…𝒂𝒍𝒍 𝒔𝒄𝒉𝒐𝒐𝒍𝒔 𝒊𝒏 𝑩𝒉𝒖𝒕𝒂𝒏 𝒉𝒂𝒗𝒆 𝒎𝒂𝒅𝒆 𝒔𝒕𝒓𝒊𝒅𝒆𝒔 𝒊𝒏 𝒊𝒏𝒄𝒐𝒓𝒑𝒐𝒓𝒂𝒕𝒊𝒏𝒈 𝑰𝑪𝑻 𝒊𝒏𝒕𝒐 𝒕𝒉𝒆𝒊𝒓 𝒆𝒅𝒖𝒄𝒂𝒕𝒊𝒐𝒏𝒂𝒍 𝒊𝒏𝒇𝒓𝒂𝒔𝒕𝒓𝒖𝒄𝒕𝒖𝒓𝒆, 𝒃𝒐𝒂𝒔𝒕𝒊𝒏𝒈 𝒂𝒕 𝒍𝒆𝒂𝒔𝒕 𝒐𝒏𝒆 𝒄𝒐𝒎𝒑𝒖𝒕𝒆𝒓 𝒇𝒐𝒓 𝒆𝒗𝒆𝒓𝒚 𝒏𝒊𝒏𝒆 𝒔𝒕𝒖𝒅𝒆𝒏𝒕𝒔
Ministry of Education and Skills Development (MoESD) reveals comprehensive insights into the integration of Information and Communication Technology (ICT) in Bhutanese schools. This detailed discourse encompasses the breadth of ICT coverage, highlights notable improvements, outlines the significant financial commitment, and sheds light on the challenges faced by the Ministry in this transformative educational initiative.
Responding to queries regarding the integration of ICT in Bhutanese schools, officials disclosed that every educational institution in the country has successfully incorporated computers into their academic infrastructure. Impressively, the computer-student ratio stands at 1:9, underscoring a concerted effort to equip students with essential digital tools. Moreover, each school boasts a minimum of one projector, elevating the technological landscape and fostering enhanced learning experiences.
Officials provided insights into the positive transformations witnessed since the implementation of ICT. Students, inspired by the inclusion of ICT in their curriculum, exhibited heightened proficiency in both application and coding. Remarkably, educators adapted their teaching methodologies, seamlessly integrating ICT into daily lessons. Leveraging resources such as the Ministry’s online repository and digital teaching materials, teachers embraced tools like PowerPoint and online videos, enriching the overall teaching-learning process.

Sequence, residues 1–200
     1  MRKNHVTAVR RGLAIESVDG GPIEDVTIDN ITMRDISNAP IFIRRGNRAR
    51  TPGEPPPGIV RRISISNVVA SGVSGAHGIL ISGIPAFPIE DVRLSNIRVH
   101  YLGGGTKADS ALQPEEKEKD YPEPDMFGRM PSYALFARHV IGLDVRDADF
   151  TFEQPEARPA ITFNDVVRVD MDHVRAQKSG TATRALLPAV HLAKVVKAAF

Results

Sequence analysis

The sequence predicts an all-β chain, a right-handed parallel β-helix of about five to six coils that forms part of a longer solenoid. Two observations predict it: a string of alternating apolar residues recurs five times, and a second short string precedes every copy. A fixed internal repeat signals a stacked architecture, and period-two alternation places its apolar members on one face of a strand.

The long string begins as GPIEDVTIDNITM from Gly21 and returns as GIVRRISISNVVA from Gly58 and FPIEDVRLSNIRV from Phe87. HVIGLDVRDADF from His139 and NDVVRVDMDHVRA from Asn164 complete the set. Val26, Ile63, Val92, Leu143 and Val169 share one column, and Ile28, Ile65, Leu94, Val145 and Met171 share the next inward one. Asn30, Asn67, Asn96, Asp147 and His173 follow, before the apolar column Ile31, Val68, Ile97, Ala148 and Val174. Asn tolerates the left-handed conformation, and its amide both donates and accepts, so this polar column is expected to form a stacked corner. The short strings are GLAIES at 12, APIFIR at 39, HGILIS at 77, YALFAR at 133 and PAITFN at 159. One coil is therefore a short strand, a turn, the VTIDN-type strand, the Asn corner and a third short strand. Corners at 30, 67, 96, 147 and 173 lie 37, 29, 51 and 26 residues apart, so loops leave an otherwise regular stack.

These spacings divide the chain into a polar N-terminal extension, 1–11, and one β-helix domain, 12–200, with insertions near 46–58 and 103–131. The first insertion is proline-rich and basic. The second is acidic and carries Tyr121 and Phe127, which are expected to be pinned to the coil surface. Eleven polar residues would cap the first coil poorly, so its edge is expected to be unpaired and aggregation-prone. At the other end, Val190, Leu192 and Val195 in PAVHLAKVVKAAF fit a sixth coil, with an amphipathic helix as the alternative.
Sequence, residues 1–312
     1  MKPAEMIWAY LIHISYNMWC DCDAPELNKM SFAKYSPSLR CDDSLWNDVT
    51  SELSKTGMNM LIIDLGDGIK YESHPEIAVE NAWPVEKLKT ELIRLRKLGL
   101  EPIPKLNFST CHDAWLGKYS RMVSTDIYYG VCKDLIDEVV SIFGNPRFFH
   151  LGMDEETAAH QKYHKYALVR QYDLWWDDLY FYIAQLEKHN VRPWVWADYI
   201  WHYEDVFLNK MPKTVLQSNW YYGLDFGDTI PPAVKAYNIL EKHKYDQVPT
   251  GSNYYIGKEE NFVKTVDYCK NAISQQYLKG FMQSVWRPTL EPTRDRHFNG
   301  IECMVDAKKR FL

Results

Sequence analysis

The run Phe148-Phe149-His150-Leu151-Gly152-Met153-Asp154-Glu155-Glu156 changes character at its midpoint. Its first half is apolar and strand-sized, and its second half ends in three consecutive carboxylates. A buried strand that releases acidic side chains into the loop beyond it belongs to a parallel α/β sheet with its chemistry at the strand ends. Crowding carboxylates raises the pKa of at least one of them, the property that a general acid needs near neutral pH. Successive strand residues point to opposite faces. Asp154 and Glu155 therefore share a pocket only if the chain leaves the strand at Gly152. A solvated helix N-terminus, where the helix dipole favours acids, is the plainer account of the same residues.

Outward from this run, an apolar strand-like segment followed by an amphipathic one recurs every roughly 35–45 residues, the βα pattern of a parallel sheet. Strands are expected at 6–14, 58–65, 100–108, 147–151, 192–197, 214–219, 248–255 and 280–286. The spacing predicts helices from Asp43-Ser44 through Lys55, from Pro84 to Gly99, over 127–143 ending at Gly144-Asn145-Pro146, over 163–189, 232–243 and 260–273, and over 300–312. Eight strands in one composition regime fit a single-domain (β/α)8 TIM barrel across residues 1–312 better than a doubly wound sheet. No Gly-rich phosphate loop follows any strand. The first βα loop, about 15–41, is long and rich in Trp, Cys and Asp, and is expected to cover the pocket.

The Ministry demonstrated a substantial financial commitment to ICT education, allocating Nu. 1000 Million from the Education ICT Flagship during the 12th Five-Year Plan. This budget has been strategically distributed across vital components, including the establishment of ICT labs, computer supply, reinforcement of local networks, provision of projectors, and the review and implementation of the ICT curriculum.
While celebrating successes, the Ministry acknowledged challenges encountered during the ICT integration process. A primary challenge highlighted was the capacity of teachers, particularly in primary classes. In response, the Ministry initiated a continuous professional development program, enhancing teachers’ ICT skills. The Paro College of Education, tasked with training primary teachers, introduced coding literacy in the pre-service teacher curriculum.
Another challenge discussed was the reliability of internet connectivity, particularly in remote locations. Despite all schools being connected through high-speed internet via optic fiber, the geographical remoteness of some schools poses reliability issues. Ongoing efforts aim to improve internet reliability, ensuring a seamless integration of technology into Bhutan’s educational system.
The Ministry reiterated its commitment to overcoming challenges and ensuring the sustained integration of ICT into the education system. The collaborative endeavors of the Ministry and educators highlight Bhutan’s dedication to creating a technologically enriched learning environment for students nationwide.
This comprehensive overview provides insight into Bhutan’s proactive approach to embracing ICT in education, marking a significant stride toward preparing its students for a digitally driven future.